Ribbon of Gold along the 650-700 foot deep Rio Grande Gorge at sunrise. Altitude: 8,000 feet.

Gear Check
Dahl-Bredine flies a French Air Creation ultralight. They can be found for under $10,000 used, but like anything, one can pay a lot more for one with all the bells and whistles. The Rotax engine in his ultralight provides an excellent weight (480 pounds) to power ratio, enabling a good climb rate and maneuverability in the thin mountain air.

“On a good day, when alone in the two-passenger trike, I can climb from the airport at 7,000 feet to 12,000 feet in around 10 minutes. The climb rate, of course, is slower if I have a passenger or am carrying camping gear or a mountain bike. I usually like to go up for at least an hour or two.

“I feel comfortable landing and taking off in winds up to 20 mph. As for winds aloft, I’m fine in pretty high winds as long as the flow is smooth and I’m not near any ridge tops or peaks.

“I think ultralights offer many advantages over standard aircraft for photography. The most obvious is an open cockpit for a better view, but they also can land in many more places and, even if the engine dies, are easy to glide and land. Also, they have a very tight turn radius that makes them more maneuverable and enables better positioning for a shot. And, after initial purchase, trikes are very inexpensive to operate.”

Dahl-Bredine also routinely packs up the ultralight and hauls it nearer to locations he wants to shoot. Its extremely short takeoff and landing roll turn almost any flat piece of ground into a runway.

Water Circle. Flood plains off the Rio Grande River, Southern Colorado. Altitude: 8,500 feet.

Mount Jackson Sunrise, Glacier National Park, Montana. Peak elevation: 10,052 feet. Photo taken at 10,700 feet.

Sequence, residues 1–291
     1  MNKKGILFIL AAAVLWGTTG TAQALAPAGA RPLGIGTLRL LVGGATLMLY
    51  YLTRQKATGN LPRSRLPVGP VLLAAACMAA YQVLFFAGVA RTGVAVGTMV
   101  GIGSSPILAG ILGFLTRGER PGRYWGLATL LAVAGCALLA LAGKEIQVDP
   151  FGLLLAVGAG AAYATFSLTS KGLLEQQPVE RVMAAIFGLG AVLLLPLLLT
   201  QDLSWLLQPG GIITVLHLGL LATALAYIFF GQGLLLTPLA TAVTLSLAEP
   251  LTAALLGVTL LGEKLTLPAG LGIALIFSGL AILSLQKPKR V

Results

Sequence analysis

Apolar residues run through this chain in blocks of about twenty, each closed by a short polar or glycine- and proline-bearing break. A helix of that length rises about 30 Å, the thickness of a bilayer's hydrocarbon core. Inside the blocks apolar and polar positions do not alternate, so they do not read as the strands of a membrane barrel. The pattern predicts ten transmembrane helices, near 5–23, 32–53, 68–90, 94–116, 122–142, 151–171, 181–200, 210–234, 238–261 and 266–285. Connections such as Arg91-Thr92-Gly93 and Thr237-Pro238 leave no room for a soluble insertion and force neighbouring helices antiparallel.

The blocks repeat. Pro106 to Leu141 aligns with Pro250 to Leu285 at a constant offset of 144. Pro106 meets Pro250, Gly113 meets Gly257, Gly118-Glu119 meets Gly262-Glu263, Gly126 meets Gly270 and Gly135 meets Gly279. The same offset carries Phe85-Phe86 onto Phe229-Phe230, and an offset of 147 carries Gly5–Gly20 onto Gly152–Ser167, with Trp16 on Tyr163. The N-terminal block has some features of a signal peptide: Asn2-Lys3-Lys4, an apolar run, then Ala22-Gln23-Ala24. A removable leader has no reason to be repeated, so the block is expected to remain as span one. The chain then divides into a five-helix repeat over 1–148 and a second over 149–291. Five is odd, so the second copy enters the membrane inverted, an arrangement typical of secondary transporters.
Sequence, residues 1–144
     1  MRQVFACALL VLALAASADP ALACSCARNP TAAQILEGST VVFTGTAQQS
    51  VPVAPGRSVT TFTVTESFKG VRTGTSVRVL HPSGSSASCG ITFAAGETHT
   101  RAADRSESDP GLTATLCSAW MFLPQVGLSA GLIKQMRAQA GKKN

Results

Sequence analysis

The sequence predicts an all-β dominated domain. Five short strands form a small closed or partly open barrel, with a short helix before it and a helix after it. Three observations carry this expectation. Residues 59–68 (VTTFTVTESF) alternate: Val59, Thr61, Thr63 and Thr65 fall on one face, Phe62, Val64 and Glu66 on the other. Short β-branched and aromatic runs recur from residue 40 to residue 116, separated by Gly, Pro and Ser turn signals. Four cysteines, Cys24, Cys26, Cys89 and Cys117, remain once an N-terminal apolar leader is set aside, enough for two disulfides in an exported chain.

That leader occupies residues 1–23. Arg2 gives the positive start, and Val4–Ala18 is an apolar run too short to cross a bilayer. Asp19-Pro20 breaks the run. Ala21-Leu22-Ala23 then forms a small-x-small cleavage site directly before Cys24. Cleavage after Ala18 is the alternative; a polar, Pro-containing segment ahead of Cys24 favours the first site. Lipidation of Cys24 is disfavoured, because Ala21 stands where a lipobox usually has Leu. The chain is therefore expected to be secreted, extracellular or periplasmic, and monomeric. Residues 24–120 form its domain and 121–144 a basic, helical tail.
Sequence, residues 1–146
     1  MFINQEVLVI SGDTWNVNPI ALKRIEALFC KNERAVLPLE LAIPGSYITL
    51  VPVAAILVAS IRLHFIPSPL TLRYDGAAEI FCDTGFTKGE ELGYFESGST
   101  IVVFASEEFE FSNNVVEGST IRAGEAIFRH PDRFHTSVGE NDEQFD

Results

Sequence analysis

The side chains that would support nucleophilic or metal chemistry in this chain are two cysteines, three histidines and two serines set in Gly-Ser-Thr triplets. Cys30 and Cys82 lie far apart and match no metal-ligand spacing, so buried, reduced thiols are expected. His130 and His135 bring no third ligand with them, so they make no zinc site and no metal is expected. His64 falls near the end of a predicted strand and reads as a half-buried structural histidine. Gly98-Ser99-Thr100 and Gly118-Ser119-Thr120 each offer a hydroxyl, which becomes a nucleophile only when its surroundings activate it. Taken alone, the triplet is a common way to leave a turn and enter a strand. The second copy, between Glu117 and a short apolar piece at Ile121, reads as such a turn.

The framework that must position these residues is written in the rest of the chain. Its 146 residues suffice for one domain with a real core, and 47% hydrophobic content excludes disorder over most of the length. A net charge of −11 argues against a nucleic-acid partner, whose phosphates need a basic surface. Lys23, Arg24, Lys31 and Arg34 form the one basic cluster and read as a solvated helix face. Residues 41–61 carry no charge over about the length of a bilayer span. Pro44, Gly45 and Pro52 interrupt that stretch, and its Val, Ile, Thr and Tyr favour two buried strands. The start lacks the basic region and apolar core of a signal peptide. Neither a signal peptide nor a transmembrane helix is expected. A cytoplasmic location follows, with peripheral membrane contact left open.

Clouds filling the 650-700 foot deep Rio Grande Gorge, Taos, New Mexico. Altitude: 10,600 feet.

Shooting And Flying
While he currently shoots with the Canon 5D II, Dahl-Bredine plans to upgrade when the next version of the camera is released. His preferred lens is a Zeiss 35mm prime because he finds the lens’ manual focus is actually easier to use while flying. He also appreciates its edge-to-edge sharpness.

“I just focus at infinity and tape the focus ring in place on the off chance that vibration would defocus the lens,” he explains. “Obviously, there’s no need to focus when you’re working from these heights. And there’s not much concern for depth of field. I also have a gyro stabilizer attached to the camera and shoot down to 1/60th pretty consistently.”

His camera stabilizer is a Kenyon Labs Gyro, which he screws to the bottom of the camera and spins at 20,000 rpm, damping the majority of small vibrations. On smooth days he says he flies with one hand and shoots with the other, or takes both hands off the controls for better framing. “The gyro makes a big difference, especially in low-light or bumpy conditions.”

Dahl-Bredine shoots in Raw and uses Photoshop to bring the Raw images back to how he remembers them. “I love seeing the images printed huge. At 30x40 inches or more they really come to life!”

Close calls?

“As far as danger is concerned, I feel safer up there than driving down the road,” he notes. “I have had my share of hair-raising moments, mostly landing in snow on mountain tops. Also, I’ve sometimes turned the engine off to glide and enjoy the peace and quiet. A couple of times it wouldn’t restart, so I had to glide to an emergency landing.

“I’m so often moved by what I see up there—the light, the landscapes, the clouds, the mountain peaks—I know I’m seeing something special. I feel connected to the world and grateful to be alive and part of it. It’s very life affirming to witness such natural beauty and I’m happy I’m able to share these images with others.”

To see more of Chris Dahl-Bredine’s work, visit his website at: www.taosaerialimages.com.